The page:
We often think of our dogs as family, and the hope is to have them live with us as long as possible. Unfortunately, the life expectancy of a dog is much shorter than it is for a person. Still, some dogs are known to live longer than others. Small dogs in general have a longer lifespan than larger dogs, but many factors play into how long you can expect your dog to live.
Factors That Affect Life Expectancy in Dogs
Not all small dogs will live the same amount of time. This is due to various factors. The overall health of a pet, coupled with the diseases that certain dog breeds are predisposed to, will affect life expectancy. Additionally, the lifestyle a specific dog lives, the nutrition it receives, and preventative measures that its owner takes to limit infectious diseases and parasitic diseases (i.e. transmitted by mosquitos, fleas, and ticks) can all play roles in how long a dog may live.
If a dog is born with a congenital issue or develops a disease impacting organs and body system functions, life expectancy may be cut short. Indoor dogs that are spayed or neutered are less likely to be hit by a car and be injured or die, so regardless of breed, lifestyle may also play a role in how long a dog lives.
Finally, if proper nutrition is not provided or a dog is exposed to pathogens without being vaccinated or properly protected with regular preventative medications, life expectancy can be negatively influenced. Not all causes of death are natural or due to old age, so the preventive care dog owners can play a big role in determining how long their dog may live.
Life Expectancy of Small Dog Breeds
Most small dog breeds are expected to live into the double digits, but there’s no way to guarantee this. Some small dogs live much longer than what is expected of their breed while others unfortunately don’t, but in general, small dog breeds live longer than most large dog breeds. The following are life expectancy averages of specific small dog breeds.
- Bichon Frise – 12 years
- Boston Terrier – 11 years
- Cairn Terrier – 14 years
- Cardigan Welsh Corgi – 13 years
- Cavalier King Charles Spaniel – 11 years
- Chihuahua – 15 years
- Dachshund – 13 years
- French Bulldog – 9 years
- Jack Russell Terrier – 14 years
- Lhasa Apso – 14 years
- Maltese – 12 years
- Miniature Dachshund – 14 years
- Miniature Poodle – 14 years
- Miniature Schnauzer – 12 years
- Pekingese – 12 years
- Pembroke Welsh Corgi – 12 years
- Pomeranian – 10 years
- Pug – 11 years
- Shetland Sheepdog – 13 years
- Shih Tzu – 13 years
- Toy Poodle – 13 years
- West Highland White Terrier – 13 years
Why Do Small Dogs Live Longer Than Big Dogs?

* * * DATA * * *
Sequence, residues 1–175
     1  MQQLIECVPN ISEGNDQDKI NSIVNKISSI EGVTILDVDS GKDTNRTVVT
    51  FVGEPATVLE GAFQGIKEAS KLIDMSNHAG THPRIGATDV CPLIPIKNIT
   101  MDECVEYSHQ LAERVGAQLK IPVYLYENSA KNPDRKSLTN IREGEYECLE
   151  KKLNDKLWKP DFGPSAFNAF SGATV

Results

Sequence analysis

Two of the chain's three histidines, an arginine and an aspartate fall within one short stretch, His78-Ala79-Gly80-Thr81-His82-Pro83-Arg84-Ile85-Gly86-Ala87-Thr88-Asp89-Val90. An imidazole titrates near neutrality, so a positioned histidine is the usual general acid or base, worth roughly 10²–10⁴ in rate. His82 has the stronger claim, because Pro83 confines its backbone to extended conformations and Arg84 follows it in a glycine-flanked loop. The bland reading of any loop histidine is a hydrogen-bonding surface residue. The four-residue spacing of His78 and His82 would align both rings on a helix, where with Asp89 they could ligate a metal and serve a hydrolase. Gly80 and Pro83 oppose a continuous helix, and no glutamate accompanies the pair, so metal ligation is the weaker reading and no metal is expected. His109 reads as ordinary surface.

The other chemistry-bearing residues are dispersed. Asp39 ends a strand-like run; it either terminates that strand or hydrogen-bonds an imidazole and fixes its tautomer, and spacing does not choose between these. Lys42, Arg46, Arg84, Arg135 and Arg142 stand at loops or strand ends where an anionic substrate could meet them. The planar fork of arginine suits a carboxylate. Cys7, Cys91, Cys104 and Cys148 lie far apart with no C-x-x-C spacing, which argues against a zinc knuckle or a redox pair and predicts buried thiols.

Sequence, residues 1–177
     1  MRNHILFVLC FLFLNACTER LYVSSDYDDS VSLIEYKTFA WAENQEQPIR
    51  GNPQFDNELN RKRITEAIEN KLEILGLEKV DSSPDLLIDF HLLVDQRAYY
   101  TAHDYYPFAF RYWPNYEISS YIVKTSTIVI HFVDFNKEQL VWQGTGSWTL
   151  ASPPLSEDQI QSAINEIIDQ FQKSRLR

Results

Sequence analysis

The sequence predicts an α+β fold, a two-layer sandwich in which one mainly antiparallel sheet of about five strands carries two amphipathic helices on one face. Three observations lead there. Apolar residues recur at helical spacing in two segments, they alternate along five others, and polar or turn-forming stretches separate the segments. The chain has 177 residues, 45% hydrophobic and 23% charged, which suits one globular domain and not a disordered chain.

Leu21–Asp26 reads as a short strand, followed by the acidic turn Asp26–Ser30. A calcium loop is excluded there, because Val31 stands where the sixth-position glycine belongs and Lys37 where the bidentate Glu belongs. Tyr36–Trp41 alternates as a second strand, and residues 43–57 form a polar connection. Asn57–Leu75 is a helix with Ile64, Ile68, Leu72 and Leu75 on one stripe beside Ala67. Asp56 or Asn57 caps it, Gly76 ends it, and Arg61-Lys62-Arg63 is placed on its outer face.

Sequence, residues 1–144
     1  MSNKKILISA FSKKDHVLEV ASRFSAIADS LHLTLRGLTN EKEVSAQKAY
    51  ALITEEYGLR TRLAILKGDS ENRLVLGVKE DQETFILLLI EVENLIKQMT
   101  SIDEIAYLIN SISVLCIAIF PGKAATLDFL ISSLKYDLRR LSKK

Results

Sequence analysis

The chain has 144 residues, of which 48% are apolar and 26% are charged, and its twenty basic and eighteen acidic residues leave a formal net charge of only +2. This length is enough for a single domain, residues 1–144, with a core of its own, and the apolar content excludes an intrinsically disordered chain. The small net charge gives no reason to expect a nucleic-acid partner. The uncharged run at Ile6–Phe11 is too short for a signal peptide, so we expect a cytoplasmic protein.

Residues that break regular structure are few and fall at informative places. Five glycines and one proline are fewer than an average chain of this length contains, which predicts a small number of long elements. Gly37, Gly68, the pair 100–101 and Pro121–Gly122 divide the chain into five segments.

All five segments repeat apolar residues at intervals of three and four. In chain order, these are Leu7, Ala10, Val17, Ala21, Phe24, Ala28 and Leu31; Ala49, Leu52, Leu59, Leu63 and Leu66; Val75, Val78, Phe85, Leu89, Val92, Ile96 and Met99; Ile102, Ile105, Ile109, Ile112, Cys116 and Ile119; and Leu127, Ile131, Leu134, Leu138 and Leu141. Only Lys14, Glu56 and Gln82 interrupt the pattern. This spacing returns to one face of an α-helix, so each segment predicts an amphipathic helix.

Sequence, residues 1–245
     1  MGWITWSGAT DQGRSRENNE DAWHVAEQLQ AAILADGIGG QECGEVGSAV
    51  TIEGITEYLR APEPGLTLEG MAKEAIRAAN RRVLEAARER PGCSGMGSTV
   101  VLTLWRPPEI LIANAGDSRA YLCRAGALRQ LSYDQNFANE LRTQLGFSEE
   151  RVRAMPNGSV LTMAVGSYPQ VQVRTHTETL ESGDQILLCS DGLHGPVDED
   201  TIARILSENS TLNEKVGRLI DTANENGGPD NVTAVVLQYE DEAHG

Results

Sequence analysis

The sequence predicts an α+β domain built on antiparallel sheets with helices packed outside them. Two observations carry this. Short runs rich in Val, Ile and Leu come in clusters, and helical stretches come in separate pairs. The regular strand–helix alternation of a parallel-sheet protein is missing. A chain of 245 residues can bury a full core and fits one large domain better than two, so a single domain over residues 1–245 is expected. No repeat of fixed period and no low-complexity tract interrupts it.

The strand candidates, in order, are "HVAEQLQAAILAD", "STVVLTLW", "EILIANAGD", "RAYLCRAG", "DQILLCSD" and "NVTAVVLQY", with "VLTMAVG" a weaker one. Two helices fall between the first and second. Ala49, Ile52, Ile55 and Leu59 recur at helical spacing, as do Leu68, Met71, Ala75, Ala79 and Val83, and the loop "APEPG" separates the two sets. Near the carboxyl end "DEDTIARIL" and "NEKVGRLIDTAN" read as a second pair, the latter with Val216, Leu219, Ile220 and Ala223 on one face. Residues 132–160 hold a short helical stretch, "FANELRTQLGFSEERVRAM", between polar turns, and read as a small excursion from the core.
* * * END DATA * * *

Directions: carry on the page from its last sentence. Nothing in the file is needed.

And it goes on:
Small dogs often live longer than large dogs because large dogs age more quickly. One study of 5663 dogs stated that 13.8 percent of dogs simply died from old age, while in another study of 74,000 dogs, cancer was the main cause of death in older dogs, but endocrine disease was the primary cause of death specifically in small dogs. With age often comes disease, so if a pet ages more quickly, their body is put under additional stress and deterioration when compared to a smaller dog that doesn’t age as quickly.
Common Health Problems of Small Dogs
Small dogs develop many of the same health problems that large dogs do, but small dog breeds are more likely than large breed dogs to develop specific issues. Luxating patellas, intervertebral disc disease (IVDD), mitral valve disease, tracheal collapse, and pancreatitis are common issues that small dogs may be born with or develop throughout their life. For example, dachshunds are especially prone to dying from diseases such as IVDD, and Maltese and Chihuahuas are likely to pass from heart disease, like mitral valve disease. These health problems may contribute to a shortened life expectancy depending on the severity of them and how well they are managed. Other health problems can also decrease a dog’s quality of life and therefore lead to euthanasia but aren’t necessarily the cause of death in a dog.
How Can You Help Your Dog Live As Long As Possible?
While no one can predict how long your dog will live, there are things you can do as a dog owner to help keep your dog healthy and hopefully prevent a premature end to its life. Feeding a well-balanced diet, following your veterinarian’s vaccination recommendations, getting regular health check-ups for your dog, and administering regular parasite preventatives can all contribute to your dog leading a long, healthy life.
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